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Jean-Yves Gilg

Editor, Solicitors Journal

Spring budget round up

Spring budget round up


Jennifer Parnell looks at the key issues likely to affect individuals and businesses following the chancellor's latest announcements

The month of March saw Philip Hammond present his second, and potentially his last, set of budget announcements as chancellor of the exchequer. There were some highs and some lows presented. With the recent announcement of a general election to take place on 8 June, it remains to be seen whether a new government will honour these most recent changes or not.Personal taxation

As has been the case for several tax years now, the personal allowance has increased to £11,500 for 2017/18, with the higher rate threshold rising by £2,000 to £45,000. The national insurance contribution upper earnings limit and upper profits limits have increased for 2017/18 in line with the higher rate threshold of £45,000 for 2017/18. The chancellor caused some controversy by announcing that class 4 NICs (those paid by the self-employed) were to be increased from 9 per cent to 10 per cent in April 2018 and to 11 per cent in 2019. Met with strong public backlash and some negative publicity from the media, the chancellor has since completed a U-turn on his announcement and instead confirmed that class 4 contributions will remain taxed at the current rate.

The dividend tax allowance which was introduced in 2016/17 continues to be available for the current tax year. This is currently an allowance of £5,000 available to all individuals and taxed at 0 per cent. This, however, will be reducing in 2018/19 to £2,000, a reduction which may well affect many individuals.

Off-payroll working in the public sector was another subject covered in March’s budget, which saw the rules tighten when it comes to use of personal service companies which have contracts with public sector organisations. The reforms will place responsibility on the public sector bodies, who employ the personal services companies, to now operate the off-payroll working rules and deduct any tax and national insurance due. It is envisaged this will affect a number of individuals, personal services companies, and public sector organisations. The change came into effect from 6 April 2017.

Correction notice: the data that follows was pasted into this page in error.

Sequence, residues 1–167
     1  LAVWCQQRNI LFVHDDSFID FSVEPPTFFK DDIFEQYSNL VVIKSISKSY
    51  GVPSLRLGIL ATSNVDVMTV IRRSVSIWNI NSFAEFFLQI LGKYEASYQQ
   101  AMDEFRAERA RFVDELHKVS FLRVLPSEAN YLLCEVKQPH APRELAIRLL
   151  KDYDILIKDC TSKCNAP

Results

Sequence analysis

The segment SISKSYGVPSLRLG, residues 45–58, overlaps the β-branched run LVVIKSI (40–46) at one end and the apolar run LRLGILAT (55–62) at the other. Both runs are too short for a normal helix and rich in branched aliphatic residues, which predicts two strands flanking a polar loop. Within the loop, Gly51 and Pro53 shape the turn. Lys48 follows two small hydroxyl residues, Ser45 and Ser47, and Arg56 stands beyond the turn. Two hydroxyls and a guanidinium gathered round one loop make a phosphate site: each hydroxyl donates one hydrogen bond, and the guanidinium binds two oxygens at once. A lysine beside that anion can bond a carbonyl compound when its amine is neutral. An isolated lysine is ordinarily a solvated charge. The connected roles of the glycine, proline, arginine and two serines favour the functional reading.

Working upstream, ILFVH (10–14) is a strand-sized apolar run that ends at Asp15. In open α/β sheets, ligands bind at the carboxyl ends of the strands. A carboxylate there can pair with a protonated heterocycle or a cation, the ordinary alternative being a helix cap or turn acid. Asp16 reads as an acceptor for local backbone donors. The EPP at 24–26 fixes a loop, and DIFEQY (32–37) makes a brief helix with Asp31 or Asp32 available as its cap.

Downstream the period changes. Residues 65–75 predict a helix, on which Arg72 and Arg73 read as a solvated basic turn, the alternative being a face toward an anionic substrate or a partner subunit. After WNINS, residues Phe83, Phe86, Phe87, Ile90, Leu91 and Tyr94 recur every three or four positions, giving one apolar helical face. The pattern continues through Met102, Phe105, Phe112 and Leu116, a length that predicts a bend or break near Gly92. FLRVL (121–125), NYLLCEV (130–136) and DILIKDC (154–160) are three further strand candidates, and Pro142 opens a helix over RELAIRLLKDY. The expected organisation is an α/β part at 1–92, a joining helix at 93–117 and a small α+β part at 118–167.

The annual exempt amount in respect of capital gains tax was another allowance which saw an increase from 2015/16. The annual exempt allowance for 2017/18 is £11,300 which is up £200 from £11,100 in 2015/16. Capital gains tax rates remain at 10 per cent up to the basic rate limit and 20 per cent above the basic rate limit in respect of general capital gains. The tax rates experience an 8 per cent surcharge at both levels where residential property and carried interest are concerned.

Business taxationIt has been widely publicised that corporation tax rates have dropped to 19 per cent with effect from 6 April 2017. These will then further fall to 17 per cent in 2020. This is likely to have vast benefits to the majority of companies, allowing businesses greater cash flow opportunities through the reduction of compulsory taxes payable.

There are few changes coming into play from 6 April 2017 in respect of capital expenditure. New and used cars with carbon dioxide emissions not exceeding 75g/km and electric cars will receive 100 per cent first year allowance. The government has confirmed that from April 2018 this threshold will fall to 50g/km. The annual investment allowance continues to be available on plant and machinery at £200,000 and there was no change to the annual reducing balance rates of 18 per cent and 8 per cent (for special rate pools).

Making tax digital

The government’s widely anticipated ‘Making Tax Digital’ initiative will come into force from 6 April 2018. This is set to change the way individuals and businesses report their financial details to HMRC. Individuals are encouraged to access their online Government Gateway account in the lead up to this date, in preparation for the compliance reporting beginning in the new tax year. Information from various sources, including PAYE from employers and interest information from banks and building societies, will be fed into an individual taxpayer’s personal account. The new process is designed to aid better record keeping for the individual while allowing HMRC access to more real time information.

It is the Revenue’s desire that by 2020 most taxpayers will no longer be required to fill in a tax return, which could be welcome news to a number of individuals.

Jennifer Parnell is and accounts and outsourcing supervisor at Kreston Reeves